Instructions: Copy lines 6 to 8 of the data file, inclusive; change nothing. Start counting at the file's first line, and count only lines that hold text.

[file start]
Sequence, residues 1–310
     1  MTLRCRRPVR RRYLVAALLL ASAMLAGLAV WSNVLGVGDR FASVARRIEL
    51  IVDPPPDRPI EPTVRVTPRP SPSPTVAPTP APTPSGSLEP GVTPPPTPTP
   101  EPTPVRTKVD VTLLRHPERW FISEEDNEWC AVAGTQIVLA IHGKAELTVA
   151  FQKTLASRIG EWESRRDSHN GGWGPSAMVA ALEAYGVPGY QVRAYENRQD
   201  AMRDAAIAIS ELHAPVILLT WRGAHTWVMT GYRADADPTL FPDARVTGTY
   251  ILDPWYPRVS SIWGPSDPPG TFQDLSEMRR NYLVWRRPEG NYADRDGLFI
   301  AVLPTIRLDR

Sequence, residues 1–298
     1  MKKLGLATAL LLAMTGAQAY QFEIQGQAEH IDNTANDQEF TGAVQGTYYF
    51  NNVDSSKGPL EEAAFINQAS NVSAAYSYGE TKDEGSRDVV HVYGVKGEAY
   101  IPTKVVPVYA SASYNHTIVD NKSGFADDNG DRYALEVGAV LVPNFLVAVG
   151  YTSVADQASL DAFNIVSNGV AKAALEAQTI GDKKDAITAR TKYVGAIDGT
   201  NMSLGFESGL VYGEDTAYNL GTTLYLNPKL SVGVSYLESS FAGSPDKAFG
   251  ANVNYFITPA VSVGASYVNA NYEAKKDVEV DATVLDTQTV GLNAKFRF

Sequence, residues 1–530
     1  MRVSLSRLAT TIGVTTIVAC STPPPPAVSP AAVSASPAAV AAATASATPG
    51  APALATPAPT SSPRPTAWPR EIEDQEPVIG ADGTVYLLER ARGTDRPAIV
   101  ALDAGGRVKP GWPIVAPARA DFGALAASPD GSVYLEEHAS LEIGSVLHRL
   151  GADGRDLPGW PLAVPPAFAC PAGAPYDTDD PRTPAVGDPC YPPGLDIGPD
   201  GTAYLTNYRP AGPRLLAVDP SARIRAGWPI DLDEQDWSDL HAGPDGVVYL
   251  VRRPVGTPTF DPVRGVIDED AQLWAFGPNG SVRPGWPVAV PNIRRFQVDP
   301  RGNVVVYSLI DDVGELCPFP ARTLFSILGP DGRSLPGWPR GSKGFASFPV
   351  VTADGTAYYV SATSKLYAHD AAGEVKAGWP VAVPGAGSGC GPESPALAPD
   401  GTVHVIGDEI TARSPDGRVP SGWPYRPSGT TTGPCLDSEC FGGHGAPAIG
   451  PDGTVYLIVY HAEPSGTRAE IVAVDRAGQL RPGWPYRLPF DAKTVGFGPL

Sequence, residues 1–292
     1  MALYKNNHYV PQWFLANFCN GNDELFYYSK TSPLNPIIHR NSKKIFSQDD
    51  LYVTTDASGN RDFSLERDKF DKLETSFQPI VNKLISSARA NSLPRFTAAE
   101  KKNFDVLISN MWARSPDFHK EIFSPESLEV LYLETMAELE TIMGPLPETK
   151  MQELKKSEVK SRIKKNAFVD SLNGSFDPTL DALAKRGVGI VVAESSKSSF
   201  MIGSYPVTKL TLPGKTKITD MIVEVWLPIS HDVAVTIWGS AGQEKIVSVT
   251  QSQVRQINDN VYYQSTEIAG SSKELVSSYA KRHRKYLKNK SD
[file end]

   201  AMRDAAIAIS ELHAPVILLT WRGAHTWVMT GYRADADPTL FPDARVTGTY
   251  ILDPWYPRVS SIWGPSDPPG TFQDLSEMRR NYLVWRRPEG NYADRDGLFI
   301  AVLPTIRLDR